Mayo Clinic researchers have found that rheumatoid arthritis patients have twice the risk of heart failure, or a weakening of the heart’s ability to pump blood, as those without rheumatoid arthritis, according to a new study to be published in the February edition of the journal Arthritis & Rheumatism. About one-third of the rheumatoid arthritis patients studied developed heart failure over 30 years of the disease.
"We decided to undertake this study because we knew that patients with rheumatoid arthritis die earlier than the general population, and mostly from heart disease," says Paulo Nicola, M.D., Mayo Clinic research fellow in the Department of Health Sciences Research and study author. "We thought heart failure could be a reason for early mortality in these patients. However, we were not expecting that the incidence of heart failure would be so high."
The study found that patients with rheumatoid arthritis are at an increased risk for heart failure soon after the onset of arthritis and that this elevated risk follows them throughout the course of the arthritis, a chronic disease. The researchers also found that the factors putting them at this increased risk for heart failure seem to be unrelated to heart attacks and to the traditional cardiovascular risk factors: diabetes; alcohol abuse; and elevated cholesterol, blood pressure and body mass index. The source of the increased risk remains a mystery, however.
Team discovers how bacteria exploit a chink in the body's armor
20.01.2017 | University of Illinois at Urbana-Champaign
Rabies viruses reveal wiring in transparent brains
19.01.2017 | Rheinische Friedrich-Wilhelms-Universität Bonn
An important step towards a completely new experimental access to quantum physics has been made at University of Konstanz. The team of scientists headed by...
Yersiniae cause severe intestinal infections. Studies using Yersinia pseudotuberculosis as a model organism aim to elucidate the infection mechanisms of these...
Researchers from the University of Hamburg in Germany, in collaboration with colleagues from the University of Aarhus in Denmark, have synthesized a new superconducting material by growing a few layers of an antiferromagnetic transition-metal chalcogenide on a bismuth-based topological insulator, both being non-superconducting materials.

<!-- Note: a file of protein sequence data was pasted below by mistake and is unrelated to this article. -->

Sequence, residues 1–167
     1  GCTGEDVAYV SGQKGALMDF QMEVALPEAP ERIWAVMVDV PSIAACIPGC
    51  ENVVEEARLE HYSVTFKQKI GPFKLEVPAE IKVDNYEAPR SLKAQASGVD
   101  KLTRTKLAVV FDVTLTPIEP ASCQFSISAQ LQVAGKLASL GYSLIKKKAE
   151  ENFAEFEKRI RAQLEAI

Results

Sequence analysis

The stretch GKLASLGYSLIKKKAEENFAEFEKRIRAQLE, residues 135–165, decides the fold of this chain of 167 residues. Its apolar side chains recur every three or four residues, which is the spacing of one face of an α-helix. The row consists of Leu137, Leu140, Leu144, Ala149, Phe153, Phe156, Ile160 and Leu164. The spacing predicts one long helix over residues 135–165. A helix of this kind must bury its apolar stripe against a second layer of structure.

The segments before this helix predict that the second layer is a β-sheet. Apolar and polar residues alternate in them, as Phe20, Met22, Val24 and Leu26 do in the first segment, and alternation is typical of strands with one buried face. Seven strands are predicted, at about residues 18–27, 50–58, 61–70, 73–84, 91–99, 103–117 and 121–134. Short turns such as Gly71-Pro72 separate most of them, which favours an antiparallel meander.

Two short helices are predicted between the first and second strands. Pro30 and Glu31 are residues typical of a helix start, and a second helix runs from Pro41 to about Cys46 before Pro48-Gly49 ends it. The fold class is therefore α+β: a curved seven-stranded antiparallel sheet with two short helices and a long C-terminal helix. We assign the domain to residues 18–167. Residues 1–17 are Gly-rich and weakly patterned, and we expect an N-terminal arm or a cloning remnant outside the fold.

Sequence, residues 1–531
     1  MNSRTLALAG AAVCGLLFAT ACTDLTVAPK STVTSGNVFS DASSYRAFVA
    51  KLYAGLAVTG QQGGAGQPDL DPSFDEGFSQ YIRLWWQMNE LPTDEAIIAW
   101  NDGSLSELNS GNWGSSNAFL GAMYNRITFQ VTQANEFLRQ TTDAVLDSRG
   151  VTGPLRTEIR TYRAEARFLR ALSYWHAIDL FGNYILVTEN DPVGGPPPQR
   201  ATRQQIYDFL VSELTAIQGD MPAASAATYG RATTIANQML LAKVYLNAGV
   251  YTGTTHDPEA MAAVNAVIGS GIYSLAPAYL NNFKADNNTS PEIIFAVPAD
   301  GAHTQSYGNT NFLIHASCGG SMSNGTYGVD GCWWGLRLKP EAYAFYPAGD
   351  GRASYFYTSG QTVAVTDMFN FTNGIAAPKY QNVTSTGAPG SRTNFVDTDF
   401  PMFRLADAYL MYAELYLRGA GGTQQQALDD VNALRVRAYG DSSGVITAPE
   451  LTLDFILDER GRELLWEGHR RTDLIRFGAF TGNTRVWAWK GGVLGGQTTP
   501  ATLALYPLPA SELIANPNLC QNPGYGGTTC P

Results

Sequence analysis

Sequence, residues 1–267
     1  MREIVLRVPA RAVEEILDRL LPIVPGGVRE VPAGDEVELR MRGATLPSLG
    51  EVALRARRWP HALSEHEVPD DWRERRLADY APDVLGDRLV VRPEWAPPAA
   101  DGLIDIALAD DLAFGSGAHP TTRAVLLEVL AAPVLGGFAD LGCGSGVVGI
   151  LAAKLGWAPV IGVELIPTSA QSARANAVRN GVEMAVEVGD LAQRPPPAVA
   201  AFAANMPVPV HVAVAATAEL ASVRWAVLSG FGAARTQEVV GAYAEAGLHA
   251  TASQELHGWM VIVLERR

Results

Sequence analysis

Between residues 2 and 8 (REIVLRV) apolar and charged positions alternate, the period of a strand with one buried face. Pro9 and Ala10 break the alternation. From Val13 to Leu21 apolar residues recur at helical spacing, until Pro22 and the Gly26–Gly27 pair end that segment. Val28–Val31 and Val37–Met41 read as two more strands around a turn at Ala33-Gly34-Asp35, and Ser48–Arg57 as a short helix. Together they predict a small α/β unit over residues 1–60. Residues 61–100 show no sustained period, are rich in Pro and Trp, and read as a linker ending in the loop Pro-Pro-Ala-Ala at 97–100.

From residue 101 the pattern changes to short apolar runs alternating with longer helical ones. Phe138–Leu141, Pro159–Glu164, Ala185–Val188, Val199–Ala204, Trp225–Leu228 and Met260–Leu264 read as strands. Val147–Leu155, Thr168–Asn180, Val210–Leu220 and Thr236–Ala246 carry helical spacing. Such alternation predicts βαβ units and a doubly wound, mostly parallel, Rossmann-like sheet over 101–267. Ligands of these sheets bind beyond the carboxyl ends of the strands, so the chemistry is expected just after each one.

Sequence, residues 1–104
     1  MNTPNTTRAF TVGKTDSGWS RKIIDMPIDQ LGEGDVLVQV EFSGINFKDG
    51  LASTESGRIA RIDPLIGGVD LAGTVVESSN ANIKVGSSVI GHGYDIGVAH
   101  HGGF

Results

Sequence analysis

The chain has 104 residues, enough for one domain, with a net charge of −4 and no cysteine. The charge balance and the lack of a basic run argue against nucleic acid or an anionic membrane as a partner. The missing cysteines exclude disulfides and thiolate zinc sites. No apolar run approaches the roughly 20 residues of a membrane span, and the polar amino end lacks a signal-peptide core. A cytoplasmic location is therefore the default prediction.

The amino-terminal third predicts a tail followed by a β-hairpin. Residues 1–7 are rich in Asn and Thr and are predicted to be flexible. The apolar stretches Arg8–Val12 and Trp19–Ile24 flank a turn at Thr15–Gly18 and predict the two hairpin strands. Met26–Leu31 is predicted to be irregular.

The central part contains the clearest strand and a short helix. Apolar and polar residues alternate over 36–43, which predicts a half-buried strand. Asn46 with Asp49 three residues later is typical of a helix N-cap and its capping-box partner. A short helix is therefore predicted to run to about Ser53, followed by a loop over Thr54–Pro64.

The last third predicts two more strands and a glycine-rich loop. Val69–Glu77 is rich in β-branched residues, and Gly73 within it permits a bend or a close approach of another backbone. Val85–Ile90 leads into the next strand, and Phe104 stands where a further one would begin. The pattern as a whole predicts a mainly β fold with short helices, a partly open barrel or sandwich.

While superconductivity and magnetism are generally believed to be mutually exclusive, surprisingly, in this new material, superconducting correlations...
Laser-driving of semimetals allows creating novel quasiparticle states within condensed matter systems and switching between different states on ultrafast time scales
Studying properties of fundamental particles in condensed matter systems is a promising approach to quantum field theory. Quasiparticles offer the opportunity...
Among the general public, solar thermal energy is currently associated with dark blue, rectangular collectors on building roofs. Technologies are needed for aesthetically high quality architecture which offer the architect more room for manoeuvre when it comes to low- and plus-energy buildings. With the “ArKol” project, researchers at Fraunhofer ISE together with partners are currently developing two façade collectors for solar thermal energy generation, which permit a high degree of design flexibility: a strip collector for opaque façade sections and a solar thermal blind for transparent sections. The current state of the two developments will be presented at the BAU 2017 trade fair.
As part of the “ArKol – development of architecturally highly integrated façade collectors with heat pipes” project, Fraunhofer ISE together with its partners...
19.01.2017 | Event News
10.01.2017 | Event News
09.01.2017 | Event News
20.01.2017 | Awards Funding
20.01.2017 | Materials Sciences
20.01.2017 | Life Sciences